First Sunday after Pentecost (Series A)icon-download-pdf-wp
June 11th, 2017

Gospel: Matthew 28:16-20
Epistle: Acts 2:14a, 22-36
Lesson: Genesis 1:1-2:4a
Psalm: Psalm 8

CLB Commentary – Rev. Bill Helland

Most, if not all of us, know the value of a succinct purpose (or mission) statement. Such a statement guides us in our mission and sets boundaries that keep us focused on the purpose we believe God has set for our lives and ministries.

Though this passage is best known as The Great Commission, and is often joined with The Great Commandment (Matthew 22:34-40), it is a succinct “purpose statement,” which has established our mission and sets boundaries that are intended to keep us focused on the purpose which God has set for his children and the church here on earth.

That all sounds well and good except for one thing – our sinful nature, that is prone to question and challenge authority at every turn. It is a natural fruit of The Fall when Satan questioned Eve, “Did God really say…?” (Genesis 3:1) and resulted in humanity questioning God’s authority ever since.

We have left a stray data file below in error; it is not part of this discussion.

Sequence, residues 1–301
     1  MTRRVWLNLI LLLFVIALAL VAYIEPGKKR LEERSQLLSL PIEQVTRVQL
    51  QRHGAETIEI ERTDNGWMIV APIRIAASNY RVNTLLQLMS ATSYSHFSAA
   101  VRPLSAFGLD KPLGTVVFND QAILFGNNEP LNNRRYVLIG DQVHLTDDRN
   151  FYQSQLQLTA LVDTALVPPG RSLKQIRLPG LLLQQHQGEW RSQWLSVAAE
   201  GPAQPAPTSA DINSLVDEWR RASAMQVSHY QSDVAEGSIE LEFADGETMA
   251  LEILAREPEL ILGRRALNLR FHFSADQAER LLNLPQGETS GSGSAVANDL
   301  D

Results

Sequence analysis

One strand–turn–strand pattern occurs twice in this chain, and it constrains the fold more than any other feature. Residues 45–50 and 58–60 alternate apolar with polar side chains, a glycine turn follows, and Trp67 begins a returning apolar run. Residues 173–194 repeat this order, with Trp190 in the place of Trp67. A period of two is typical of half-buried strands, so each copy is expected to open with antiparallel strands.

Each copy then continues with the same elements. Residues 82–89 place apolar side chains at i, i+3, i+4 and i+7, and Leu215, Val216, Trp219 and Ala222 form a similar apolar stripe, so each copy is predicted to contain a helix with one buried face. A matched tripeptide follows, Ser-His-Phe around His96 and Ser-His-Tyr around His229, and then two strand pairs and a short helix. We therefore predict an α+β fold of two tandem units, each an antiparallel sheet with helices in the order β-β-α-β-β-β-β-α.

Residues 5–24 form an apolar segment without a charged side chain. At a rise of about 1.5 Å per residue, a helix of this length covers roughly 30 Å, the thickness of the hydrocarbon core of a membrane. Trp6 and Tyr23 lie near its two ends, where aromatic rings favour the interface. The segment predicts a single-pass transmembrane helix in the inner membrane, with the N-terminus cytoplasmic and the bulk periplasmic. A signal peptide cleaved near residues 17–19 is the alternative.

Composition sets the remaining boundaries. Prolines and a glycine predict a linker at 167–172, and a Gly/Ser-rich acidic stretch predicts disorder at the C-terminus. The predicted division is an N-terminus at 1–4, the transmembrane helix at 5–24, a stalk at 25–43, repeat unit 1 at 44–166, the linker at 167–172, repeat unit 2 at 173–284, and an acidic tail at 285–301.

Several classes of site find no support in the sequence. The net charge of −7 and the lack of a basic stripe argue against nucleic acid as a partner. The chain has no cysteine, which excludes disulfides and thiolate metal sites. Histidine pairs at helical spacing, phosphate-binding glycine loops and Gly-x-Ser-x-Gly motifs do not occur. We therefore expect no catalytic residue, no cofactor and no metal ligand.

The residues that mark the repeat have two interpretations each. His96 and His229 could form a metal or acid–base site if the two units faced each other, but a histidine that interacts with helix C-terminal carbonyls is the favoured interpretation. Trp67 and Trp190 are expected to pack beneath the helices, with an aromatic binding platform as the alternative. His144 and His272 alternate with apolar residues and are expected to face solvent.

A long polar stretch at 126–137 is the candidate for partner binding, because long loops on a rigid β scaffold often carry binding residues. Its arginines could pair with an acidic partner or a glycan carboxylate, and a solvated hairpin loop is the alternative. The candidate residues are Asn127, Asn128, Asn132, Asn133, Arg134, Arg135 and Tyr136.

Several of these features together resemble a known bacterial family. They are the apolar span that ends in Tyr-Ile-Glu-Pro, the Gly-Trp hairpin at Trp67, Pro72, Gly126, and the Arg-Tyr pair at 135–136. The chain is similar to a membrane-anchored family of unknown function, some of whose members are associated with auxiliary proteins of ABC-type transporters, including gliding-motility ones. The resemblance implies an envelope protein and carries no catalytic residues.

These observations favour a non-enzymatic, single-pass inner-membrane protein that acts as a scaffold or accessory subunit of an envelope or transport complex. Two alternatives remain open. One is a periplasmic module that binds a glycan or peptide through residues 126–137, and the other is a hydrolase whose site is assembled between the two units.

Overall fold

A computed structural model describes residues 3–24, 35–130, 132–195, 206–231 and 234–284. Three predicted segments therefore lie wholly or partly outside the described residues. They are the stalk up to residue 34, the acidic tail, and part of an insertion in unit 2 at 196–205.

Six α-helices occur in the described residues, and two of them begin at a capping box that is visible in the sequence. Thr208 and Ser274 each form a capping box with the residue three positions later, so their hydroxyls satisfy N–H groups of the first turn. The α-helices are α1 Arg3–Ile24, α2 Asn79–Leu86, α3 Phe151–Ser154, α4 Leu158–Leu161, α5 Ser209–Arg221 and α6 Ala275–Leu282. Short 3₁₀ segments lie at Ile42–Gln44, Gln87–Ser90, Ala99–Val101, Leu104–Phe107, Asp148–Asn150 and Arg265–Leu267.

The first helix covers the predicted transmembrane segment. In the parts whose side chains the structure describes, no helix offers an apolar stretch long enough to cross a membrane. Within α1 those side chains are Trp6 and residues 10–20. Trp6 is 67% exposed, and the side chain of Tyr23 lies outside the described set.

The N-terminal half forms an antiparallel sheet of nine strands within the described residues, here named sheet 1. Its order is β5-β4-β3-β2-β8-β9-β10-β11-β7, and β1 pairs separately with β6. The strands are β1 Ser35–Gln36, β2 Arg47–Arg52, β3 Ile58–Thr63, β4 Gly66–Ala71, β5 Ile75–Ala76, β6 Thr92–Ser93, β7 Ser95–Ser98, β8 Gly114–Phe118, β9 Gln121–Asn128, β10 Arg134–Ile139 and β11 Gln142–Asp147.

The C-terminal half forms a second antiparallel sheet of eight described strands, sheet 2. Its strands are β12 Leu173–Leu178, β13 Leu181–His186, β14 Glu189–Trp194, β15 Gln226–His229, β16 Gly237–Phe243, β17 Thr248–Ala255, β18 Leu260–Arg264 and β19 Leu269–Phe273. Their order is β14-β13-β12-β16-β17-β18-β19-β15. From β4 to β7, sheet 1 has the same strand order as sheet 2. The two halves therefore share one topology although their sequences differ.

“Go and make disciples…”

Who says?

“Baptize them in the name of the Father and of the Son and of the Holy Spirit…”

Who says?

“Teach them to obey…”

Who says?

The One to whom all authority has been given says so, that’s who.

The divine authority, with which this purpose (mission) statement was given us, cannot be ignored. But notice the context in which it was given. This was not a Mount Sinai command with smoke and thunder, earthquakes, and the booming voice of God. NO! This command – this commissioning – flowed out of grace. The cross of Christ and his glorious resurrection was the

context for this commissioning. Yes, the authority was the authority of the same God that descended upon Mount Sinai and gave Moses the Law, but it was also the authority of the God of all grace and compassion – the God who is not willing that any should perish.

If we hear (and preach) this Great Commission only as Law, it stirs up the sinful nature to set its jaw, clench its fist and blurt out, “Who says?!” But if we hear (and preach) this Great Commission as God’s loving and gracious purpose for the church – a purpose that flows from the cross where Christ prayed for us, “Father forgive them, for they know not what they are doing,” a purpose that bursts forth from an empty tomb with resurrection power – then, by the working of the Holy Spirit, it can stir within our hearts, and the hearts of our listeners, the same grace and mercy of God which loves our sinful, broken world and wants nothing more than to see every soul become a disciple.

Third Sunday after Pentecost
The Day of Pentecost